I have just transplanted myself from Flipkart Bangalore to Flipkart Delhi, and I wasn’t the least bit prepared!
I joined Flipkart when we had but one office, the one in Bangalore … it was also the office Flipkart had relocated to from its earlier home, a room in the house of first one Bansal, then the other. Since then, we relocated again to another part of Bangalore … and also went on to set up an ancillary center in Delhi.
We are in the heart of the Indian Publishing Industry, on the main artery which is Ansari Road. I had often heard the fairytales from others; Oppressive heat and books as far as the eye can see. Finding myself there now … I see the earlier comment as an understatement. The heat is not oppressive, it’s crippling. As for the books, well, you can shut your eyes and throw a stone on Ansari Road, you’ll hit a book. You walk into a random office on Ansari Road, 10-1 it’ll be stuffed with books. You trip on Ansari Road … it’ll be because a book stubbed your toe … and it’ll be books again that’ll cushion your fall.
I was unprepared on all counts: the scale of Ansari Road, the Delhi heat, and one crucial factor … the address of Flipkart Delhi!
Now I don’t use a cellphone (but I’m not a Luddite either) and had no contact details of anyone … apart from the Customer Service number. And it was past 6pm, around when customer service shuts shop.
So I found myself at an STD booth soaked through, calling CS, hoping they were around. They were, but are one persistent bunch! They kept insisting it was pointless going to our warehouse in Delhi – we don’t really have an over-the-counter section. All orders are placed online and get processed so.
I follow, completely. But I persisted … I have come all the way from Bombay (which I had, I did a Bangalore-Pune-Bombay-Delhi route), I’m sweating here in Delhi’s Darya Ganj, and I really need to get to the Flipkart office.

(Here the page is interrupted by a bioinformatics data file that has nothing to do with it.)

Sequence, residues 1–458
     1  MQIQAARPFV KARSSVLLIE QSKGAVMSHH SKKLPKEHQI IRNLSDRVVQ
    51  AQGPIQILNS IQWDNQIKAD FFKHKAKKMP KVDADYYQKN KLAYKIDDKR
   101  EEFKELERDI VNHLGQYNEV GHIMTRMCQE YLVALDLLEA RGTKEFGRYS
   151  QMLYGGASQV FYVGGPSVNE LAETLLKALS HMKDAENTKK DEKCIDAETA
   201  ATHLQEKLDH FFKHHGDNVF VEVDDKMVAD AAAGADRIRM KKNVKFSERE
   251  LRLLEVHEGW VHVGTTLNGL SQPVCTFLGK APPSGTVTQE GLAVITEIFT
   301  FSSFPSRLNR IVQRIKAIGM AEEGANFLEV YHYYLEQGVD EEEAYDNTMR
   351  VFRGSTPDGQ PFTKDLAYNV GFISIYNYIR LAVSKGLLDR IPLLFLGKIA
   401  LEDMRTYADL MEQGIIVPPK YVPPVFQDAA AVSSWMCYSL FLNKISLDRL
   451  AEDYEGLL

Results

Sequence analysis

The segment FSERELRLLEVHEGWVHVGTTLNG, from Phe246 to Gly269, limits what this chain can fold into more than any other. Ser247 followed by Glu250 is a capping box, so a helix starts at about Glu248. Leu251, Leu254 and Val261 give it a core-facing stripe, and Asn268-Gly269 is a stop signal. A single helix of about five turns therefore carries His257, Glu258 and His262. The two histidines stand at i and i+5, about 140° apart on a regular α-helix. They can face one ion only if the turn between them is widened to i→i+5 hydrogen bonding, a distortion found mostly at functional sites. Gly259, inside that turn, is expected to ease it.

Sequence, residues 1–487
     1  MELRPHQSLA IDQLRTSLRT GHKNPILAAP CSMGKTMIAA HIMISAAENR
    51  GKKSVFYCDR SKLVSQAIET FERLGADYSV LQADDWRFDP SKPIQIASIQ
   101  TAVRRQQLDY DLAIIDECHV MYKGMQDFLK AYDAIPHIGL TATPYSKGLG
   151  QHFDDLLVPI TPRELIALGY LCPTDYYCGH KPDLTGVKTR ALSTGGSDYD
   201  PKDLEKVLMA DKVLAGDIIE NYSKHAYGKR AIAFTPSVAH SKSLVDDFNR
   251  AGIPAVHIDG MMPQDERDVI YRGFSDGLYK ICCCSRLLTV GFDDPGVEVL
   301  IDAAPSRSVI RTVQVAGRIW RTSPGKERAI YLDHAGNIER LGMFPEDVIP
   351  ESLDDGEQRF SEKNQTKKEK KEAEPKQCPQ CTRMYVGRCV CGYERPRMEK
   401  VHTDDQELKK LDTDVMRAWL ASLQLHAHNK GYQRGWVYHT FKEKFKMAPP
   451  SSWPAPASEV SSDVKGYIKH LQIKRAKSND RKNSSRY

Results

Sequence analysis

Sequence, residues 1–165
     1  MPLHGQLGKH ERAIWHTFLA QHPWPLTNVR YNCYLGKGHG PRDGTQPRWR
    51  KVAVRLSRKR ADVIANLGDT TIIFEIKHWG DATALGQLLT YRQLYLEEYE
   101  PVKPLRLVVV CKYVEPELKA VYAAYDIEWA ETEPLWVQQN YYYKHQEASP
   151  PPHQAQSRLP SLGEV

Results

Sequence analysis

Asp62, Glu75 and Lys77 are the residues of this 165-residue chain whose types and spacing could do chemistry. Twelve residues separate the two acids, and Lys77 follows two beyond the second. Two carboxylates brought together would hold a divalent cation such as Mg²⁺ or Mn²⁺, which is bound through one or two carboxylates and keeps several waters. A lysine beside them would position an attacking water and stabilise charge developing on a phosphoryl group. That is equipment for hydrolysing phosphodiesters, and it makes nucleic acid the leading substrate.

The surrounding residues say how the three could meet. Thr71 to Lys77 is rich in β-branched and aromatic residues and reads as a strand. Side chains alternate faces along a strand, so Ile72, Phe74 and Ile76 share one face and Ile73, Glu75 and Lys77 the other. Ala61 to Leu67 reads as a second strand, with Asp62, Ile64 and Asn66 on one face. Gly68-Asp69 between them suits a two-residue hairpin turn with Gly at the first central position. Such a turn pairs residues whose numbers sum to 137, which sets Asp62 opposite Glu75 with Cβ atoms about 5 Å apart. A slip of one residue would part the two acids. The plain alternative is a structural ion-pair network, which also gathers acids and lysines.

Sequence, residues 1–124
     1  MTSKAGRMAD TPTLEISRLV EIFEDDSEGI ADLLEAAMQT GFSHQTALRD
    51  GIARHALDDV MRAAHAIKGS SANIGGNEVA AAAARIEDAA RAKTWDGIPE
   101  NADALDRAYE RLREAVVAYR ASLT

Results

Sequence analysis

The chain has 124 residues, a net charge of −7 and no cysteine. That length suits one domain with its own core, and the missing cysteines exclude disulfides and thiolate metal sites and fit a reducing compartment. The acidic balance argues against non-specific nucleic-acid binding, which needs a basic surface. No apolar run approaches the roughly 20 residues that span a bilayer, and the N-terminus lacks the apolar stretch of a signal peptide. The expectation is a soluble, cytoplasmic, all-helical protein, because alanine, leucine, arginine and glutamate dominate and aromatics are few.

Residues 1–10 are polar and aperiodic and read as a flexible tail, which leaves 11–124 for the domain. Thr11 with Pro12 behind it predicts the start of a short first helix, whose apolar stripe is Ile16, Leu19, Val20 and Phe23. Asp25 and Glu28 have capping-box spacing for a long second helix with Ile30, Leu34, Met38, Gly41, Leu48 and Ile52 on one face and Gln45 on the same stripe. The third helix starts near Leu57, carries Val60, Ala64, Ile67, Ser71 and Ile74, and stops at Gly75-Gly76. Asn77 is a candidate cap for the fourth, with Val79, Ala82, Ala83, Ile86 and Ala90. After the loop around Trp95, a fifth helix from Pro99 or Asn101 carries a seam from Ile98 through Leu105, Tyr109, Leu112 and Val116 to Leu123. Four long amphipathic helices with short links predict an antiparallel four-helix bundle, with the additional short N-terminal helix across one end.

Customer Support was sympathetic, but didn’t let up. We don’t sell books at our warehouse. Period.
Fair enough. I’m glad they stuck to their guns … but as a Flipkart employee traveling to Delhi on work, I HAD TO GET TO THE OFFICE. I’m glad they finally realised it was me! I was promptly given the number of someone here, who I called next.
He was in splits when I told him what happened … and he asked me where I was. I searched for a suitable landmark, which turned out the be a huge board of one of the biggest Publishers around. A second round of laughter at the other end of the phone … “Why didn’t you just walk in to their office and ask for where Flipkart is, they’d tell you!”
10 minutes later I finally found myself in Flipkart. Which is where I find myself now.
And the phrase “Same Difference” comes to mind.
What is truly amazing is that the “Flipkart Culture” has taken root here is well. Phenomenal, really! It’s hard to explain, but If you worked at Flipkart, you’d know exactly what I was talking about.
What has also followed is the damned power cuts! Someone* just sent me a link that he thought I should take a look at.
*Is there a better word to replace “someone”? Essentially, a customer who is now less of a customer and more of a friend. Or I could just call him Ravi.
Bezos is talking about Amazon in a nutshell, and later a bit about Zappos. Some of the anecdotes he recounts are common ones (if you follow stuff like this). What brought a smile to my face was the bit at the beginning where he talks of setting up Amazon in a room with a bunch of computers and a tangle of wires – and power surges and cuts if you tried connecting a vacuum cleaner.
It was exactly the same in our old office! I have a feeling Sachin and Binny researched this and took notes: “We must start small just like Bezos and must have enough computers and not enough power. We will then rule the world!” For Bezos and Amazon, it was a hurdle. For Bansals and Flipkart, it was reality. We are in India, and power cuts are common.
… and about the UPS, I can’t explain it better than Fly, You Fools and the UPS Power Supply
Here’s the whole video: